Mantle cell lymphoma (MCL) is an incurable B-cell lymphoma characterized by aberrant genetic and epigenetic events. A variety of therapeutic strategies have been used to improve the outcome of MCL patients including immune-chemotherapy and stem cell transplantation. Approaches targeting the B cell receptor (BCR) signaling pathway with ibrutinib have shown promise, however, outcome data is immature and emerging resistance is clearly evident. Thus there remains a clear, unmet need for novel therapeutic approaches for treating MCL. We have shown that PRMT5 is selectively over expressed in MCL and drives global repressive epigenetic marks on chromatin to silence regulatory and tumor suppressor genes. PRMT5 knock down with shRNA promotes selective MCL toxicity which led us to hypothesize that PRMT5 is an attractive target for this disease. We have developed a ?first-in-class? drug that selectively inhibits PRMT5 activity with IC50 in low nM range. Our lead drug is toxic to lymphoma, not normal B cells, is well tolerated in vivo with impressive anti-tumor activity in preclinical animal models of MCL. PRMT5 inhibitors have been used as chemical probes to dissect out critical pathways utilized by MCL tumor cells. Preliminary whole genome mapping with antibodies specific for PRMT5 epigenetic marks and whole transcriptome sequencing (RNA-Seq, in collaboration with WCM) in presence and absence of PRMT5 inhibitors has revealed a broad range of signaling, survival and growth pathways to be governed by this enzyme. Our preliminary work has found that PRMT5 directly targets regulatory genes such as PTPROt, TRIB3, and PIK3IP1 which negatively regulate BCR and PI3K/AKT pathways. Inactivation of constitutive AKT activity leads to dephosphorylation of FOXO1, promoting its epigenetic regulation of anti- cancer gene expression. We discovered that PRMT5 inhibition leads to direct de-repression of multiple micro- RNAs that may deplete CYCLIN D1 leading to activation of RB and restoration of the RB/E2F regulatory network. Consequently, PRMT5 inhibition leads to RB/E2F-mediated silencing of EZH2, SUZ12 and EED, components of the epigenetic repressor PRC2 complex, a family of lysine methyltransferase enzymes that are frequently mutated and activated in MCL. Thus, by inhibiting PRMT5, we can achieve direct inhibition of repressive arginine epigenetic marks while indirectly depleting lysine repressive marks like H3K27(Me3) and possibly, targets of FOXO1. Our strategy to inhibit a central player like PRMT5 has led to a novel approach to restore regulation to the MCL cell at multiple levels including the epigenome, BCR, PI3K/AKT, and CYCLIN D/RB-E2F pathways. We have proposed integrative whole genome approaches and strategies utilizing innovative preclinical MCL models to examine how PRMT5 inhibition can circumvent drug resistance encountered with novel molecularly targeted agents examined in clinical trials and preclinical work proposed in Projects 1 and 2. We present an innovative, straight-forward and robust approach to discover the genetic programs altered in MCL and will use this information to develop new strategies to treat this incurable disease.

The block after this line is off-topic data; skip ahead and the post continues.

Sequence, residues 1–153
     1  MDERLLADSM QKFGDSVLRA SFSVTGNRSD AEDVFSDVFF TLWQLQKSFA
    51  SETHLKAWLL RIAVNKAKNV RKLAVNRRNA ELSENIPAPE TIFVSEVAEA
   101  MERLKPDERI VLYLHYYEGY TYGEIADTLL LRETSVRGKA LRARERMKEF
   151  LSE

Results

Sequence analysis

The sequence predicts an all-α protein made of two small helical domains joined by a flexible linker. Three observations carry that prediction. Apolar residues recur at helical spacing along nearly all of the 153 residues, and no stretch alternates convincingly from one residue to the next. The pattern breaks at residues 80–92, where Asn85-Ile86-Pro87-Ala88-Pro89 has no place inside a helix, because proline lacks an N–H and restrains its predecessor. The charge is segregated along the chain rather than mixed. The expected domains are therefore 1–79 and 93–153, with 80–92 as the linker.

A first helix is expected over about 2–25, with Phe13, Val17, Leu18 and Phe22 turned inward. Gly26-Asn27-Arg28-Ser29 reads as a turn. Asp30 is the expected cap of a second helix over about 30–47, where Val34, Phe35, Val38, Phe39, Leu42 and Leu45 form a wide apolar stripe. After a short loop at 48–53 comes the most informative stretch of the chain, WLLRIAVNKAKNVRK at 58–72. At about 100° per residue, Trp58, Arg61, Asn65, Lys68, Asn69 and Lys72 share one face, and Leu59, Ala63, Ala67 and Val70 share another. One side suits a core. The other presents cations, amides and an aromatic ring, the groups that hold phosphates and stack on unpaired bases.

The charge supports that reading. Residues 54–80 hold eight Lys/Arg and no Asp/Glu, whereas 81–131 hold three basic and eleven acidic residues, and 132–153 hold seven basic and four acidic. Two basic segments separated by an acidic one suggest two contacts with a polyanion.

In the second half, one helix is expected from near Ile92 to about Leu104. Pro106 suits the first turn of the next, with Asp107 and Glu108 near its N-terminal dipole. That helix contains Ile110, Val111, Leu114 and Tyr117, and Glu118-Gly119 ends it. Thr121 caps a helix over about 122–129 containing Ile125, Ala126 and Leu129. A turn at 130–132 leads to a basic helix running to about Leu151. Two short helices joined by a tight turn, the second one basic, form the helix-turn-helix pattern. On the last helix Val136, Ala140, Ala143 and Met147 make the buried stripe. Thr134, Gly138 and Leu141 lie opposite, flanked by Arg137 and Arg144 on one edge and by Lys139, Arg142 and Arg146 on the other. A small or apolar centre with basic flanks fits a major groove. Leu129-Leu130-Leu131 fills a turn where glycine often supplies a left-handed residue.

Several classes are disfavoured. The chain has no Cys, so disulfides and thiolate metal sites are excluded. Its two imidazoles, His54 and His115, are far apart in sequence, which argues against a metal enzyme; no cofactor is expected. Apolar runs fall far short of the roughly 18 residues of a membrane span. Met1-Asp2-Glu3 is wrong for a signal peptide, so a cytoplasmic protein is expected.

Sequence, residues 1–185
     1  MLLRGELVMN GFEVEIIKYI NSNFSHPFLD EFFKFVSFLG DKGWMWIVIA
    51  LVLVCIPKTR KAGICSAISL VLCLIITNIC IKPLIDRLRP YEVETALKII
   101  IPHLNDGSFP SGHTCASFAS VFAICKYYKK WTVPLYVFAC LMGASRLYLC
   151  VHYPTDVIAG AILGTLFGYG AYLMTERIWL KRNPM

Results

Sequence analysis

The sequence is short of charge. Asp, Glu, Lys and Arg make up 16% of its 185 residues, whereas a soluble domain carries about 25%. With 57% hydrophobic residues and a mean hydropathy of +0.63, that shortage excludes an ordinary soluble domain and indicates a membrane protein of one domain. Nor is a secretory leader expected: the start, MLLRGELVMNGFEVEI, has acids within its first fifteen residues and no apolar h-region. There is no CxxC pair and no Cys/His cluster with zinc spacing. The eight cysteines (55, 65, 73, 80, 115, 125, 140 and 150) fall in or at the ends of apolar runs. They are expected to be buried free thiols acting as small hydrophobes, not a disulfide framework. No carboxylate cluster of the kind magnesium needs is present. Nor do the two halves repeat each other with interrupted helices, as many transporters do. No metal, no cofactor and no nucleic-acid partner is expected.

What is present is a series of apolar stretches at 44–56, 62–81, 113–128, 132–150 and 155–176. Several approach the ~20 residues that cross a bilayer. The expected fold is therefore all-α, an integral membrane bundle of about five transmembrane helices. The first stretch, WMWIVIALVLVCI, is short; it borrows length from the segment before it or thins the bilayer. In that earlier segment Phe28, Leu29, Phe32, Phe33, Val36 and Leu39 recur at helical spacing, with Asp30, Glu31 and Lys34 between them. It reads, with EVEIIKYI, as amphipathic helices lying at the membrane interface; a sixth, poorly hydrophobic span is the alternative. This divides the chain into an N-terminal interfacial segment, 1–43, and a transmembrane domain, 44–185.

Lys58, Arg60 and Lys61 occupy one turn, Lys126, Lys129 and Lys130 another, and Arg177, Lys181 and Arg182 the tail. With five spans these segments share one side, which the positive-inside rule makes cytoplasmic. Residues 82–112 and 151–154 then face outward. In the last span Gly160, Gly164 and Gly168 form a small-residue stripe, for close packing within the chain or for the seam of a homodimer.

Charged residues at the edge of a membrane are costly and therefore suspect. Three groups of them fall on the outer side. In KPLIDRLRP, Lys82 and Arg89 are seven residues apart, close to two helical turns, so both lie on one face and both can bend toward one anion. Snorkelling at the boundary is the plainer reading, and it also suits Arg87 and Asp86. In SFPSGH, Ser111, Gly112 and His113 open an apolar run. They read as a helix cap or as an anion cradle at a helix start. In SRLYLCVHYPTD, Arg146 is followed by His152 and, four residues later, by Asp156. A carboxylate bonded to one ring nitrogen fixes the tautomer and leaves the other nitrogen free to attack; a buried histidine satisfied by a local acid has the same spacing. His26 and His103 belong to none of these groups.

Public Health Relevance

Recent work by our group has identified the PRMT5 enzyme as an ideal therapeutic target to treat mantle cell lymphoma (MCL), an incurable disease associated with survival of 3-5 years despite aggressive, multimodal therapy. We have developed a ?first in class? drug that selectively kills MCL tumor cells, but not normal cells, and propose a plan to use this drug (1) as a therapeutic agent in preclinical MCL in vivo models and (2) as a chemical probe to characterize the epigenetic programs that are governed by this enzyme. We believe we are uniquely poised to (1) discover how PRMT5 dysregulation leads to global anti-cancer gene silencing in MCL; (2) mechanistically address how PRMT5 inhibition can affect critical pathways that drive MCL growth and survival; and (3) develop novel therapeutic strategies to improve the outcome of patients with MCL. !

National Institute of Health (NIH)
National Cancer Institute (NCI)
Research Program Projects (P01)
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Special Emphasis Panel (ZCA1)
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Weill Medical College of Cornell University
New York
United States
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